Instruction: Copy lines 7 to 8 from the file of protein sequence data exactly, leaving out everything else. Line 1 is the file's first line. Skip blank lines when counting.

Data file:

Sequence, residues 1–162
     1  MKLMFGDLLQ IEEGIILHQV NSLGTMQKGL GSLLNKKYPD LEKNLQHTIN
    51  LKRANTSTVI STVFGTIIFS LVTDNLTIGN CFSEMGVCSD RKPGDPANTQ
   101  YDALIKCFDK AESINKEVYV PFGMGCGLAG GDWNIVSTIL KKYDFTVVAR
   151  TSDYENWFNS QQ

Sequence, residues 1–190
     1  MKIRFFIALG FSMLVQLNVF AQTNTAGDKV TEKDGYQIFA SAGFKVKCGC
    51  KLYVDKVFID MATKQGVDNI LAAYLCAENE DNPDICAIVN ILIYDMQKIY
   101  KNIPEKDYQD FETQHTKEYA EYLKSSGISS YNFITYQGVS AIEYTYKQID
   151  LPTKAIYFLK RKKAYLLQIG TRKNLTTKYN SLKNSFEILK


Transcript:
     1  MKIRFFIALG FSMLVQLNVF AQTNTAGDKV TEKDGYQIFA SAGFKVKCGC
    51  KLYVDKVFID MATKQGVDNI LAAYLCAENE DNPDICAIVN ILIYDMQKIY